Paul presents the Romans with a missional model in Romans 10:
How can they respond if they do not believe?
How can they believe if they have not heard?
How can they hear unless someone communicates the good news?
How will they preach unless they are sent?
We often try to run an attractional model:
How will they respond unless they hear?
How will they hear unless they come?
How will they come unless something great is put on to draw them?
How will something great be put on unless someone organizes it?
Please do not mishear me here. I believe that the gathered community of God’s people committed to biblical teaching, prayer, the breaking of bread and to living sacrificially and generously together is absolutely crucial. I have no doubt that events, courses and programmes have a vital part to play in the mission of the church. But this must happen within the framework of the great commission where evangelism is about going to where people are and taking the good news to them. If our events do not happen within a missional model we will wind up devoting much of our time, talents, energies and resources to the running of programmes which can turn us into managers rather than missionaries.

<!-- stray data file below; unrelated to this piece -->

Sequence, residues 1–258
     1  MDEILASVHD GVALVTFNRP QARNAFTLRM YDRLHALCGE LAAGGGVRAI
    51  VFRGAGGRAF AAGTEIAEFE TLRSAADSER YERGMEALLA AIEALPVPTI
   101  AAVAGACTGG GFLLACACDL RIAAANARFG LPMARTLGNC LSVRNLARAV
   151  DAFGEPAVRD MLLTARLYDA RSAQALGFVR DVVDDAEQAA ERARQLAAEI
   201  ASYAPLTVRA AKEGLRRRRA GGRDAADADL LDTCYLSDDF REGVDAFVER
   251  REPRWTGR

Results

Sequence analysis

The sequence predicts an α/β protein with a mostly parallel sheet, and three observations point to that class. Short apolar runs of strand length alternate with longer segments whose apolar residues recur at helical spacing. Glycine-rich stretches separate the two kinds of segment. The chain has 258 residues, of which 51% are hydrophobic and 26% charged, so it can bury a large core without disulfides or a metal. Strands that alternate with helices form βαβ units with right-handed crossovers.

One of the things that has encouraged me most this year is seeing some of our student leaders commitment to true witness, not just as organizers of meetings but as a heart value which shapes the way they relate to their friends and pursue their studies. It is also heartening to see graduates seeing their workplace and community as places they have been sent to be salt and light.
When Familiar Beats Good
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